LECT5 (Precipitation)

LECT5 (Precipitation) - high moist high temp low moist low...

Info iconThis preview shows pages 1–3. Sign up to view the full content.

View Full Document Right Arrow Icon

Info iconThis preview has intentionally blurred sections. Sign up to view the full version.

View Full DocumentRight Arrow Icon
This is the end of the preview. Sign up to access the rest of the document.

Unformatted text preview: high moist high temp low moist. low temp q v R n low moist intermed. temp. high press anti cyclone 90 N 90 S 90 60 30 N 0 30 60 90 S AOM 4932 - Atmospheric Water and Precipitation Distribution of atmospheric moisture in space and time. In general: 1 - water vapor by volume (% of total) decreases with elevation (most within 5 km, > 8 km approximately none) 2 - specific humidity = ρ v / ρ moist increases and decreases seasonally with temperature (warm air can hold more water vapor) 3 - specific humidity is highest in the tropics and lowest in the poles (for same reason as 2) 4 - relative humidity = ρ v / ρ moist shows peaks both in tropics and in poles -- minimum at high pressure regions (30 - 40 ° ) Knowledge of vertical and horizontal spatial distribution of moisture allows computation of potential precipitable water in an area. However, for precipitation to occur atmospheric moisture must condense. In the atmosphere this typically occurs when air temperature is lowered when the air mass is forced to rise. Formation of Precipitation Requires: 1 - Cooling of air to ≈ dew point temperature (requires a lifting mechanism) 2 - Condensation of water vapor onto nuclei (dust, ions) to form droplets 3 - growth of droplets so that a) terminal velocity updraft velocity b) sufficient mass of liquid to survive evaporation on way down 4 - Importation of water vapor into cloud to replace precipitation and sustain process 1 - Lifting Mechanisms Three meteorological situations which lead to vertical uplift of air masses: a) uplift due to convergence • Nonfrontal convergence of air masses with equal temperature to a low pressure point (i.e. at ITCZ due to convergence of NE/SE tradewinds). Generates moderate rainfall over long duration. • Frontal convergence of air masses of different air temperature. Produces cold fronts/warm fronts. warm front- Occurs when warm air impinges on cold. Two air masses do not mix. Warm moist air is less dense, rises over cold air at relatively gentle slope. Warming occurs gradually resulting in more moderate storms which last longer. See high clouds first cold front- Cold air impinges on warm air. Again do not mix but cold air moves under warm forcing it upward. Get a steeper sloped interface. Rapid cooling, stronger storms of shorter duration. See low clouds first b) uplift due to convection Convective cells are initiated by heating of lower air mass by ground surface. Cause instability of air column because of density differentials ( T, ↓ ρ ). Lower air density rises and cools and condenses (releases heat...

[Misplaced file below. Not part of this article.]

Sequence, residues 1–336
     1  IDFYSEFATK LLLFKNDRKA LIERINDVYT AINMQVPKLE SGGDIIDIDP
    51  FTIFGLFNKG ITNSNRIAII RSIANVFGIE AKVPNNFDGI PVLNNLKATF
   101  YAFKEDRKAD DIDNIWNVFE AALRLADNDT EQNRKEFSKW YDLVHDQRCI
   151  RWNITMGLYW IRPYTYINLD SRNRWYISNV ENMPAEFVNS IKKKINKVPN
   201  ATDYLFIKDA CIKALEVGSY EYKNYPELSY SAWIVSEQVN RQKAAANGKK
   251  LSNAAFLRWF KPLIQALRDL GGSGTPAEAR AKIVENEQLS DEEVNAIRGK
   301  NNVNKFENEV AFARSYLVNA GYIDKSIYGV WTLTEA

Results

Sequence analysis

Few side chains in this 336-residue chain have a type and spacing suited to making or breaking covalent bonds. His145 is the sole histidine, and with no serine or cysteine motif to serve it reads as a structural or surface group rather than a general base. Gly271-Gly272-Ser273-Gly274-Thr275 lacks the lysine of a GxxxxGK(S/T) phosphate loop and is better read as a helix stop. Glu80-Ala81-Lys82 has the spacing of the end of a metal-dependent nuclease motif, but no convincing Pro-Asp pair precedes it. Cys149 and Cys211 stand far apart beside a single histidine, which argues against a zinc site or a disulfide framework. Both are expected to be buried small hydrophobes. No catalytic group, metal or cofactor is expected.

View Full Document

This note was uploaded on 03/27/2012 for the course AOE 4643 taught by Professor Graham during the Fall '11 term at University of Florida.

Page1 / 7

LECT5 (Precipitation) - high moist high temp low moist low...

This preview shows document pages 1 - 3. Sign up to view the full document.

View Full Document Right Arrow Icon
Ask a homework question - tutors are online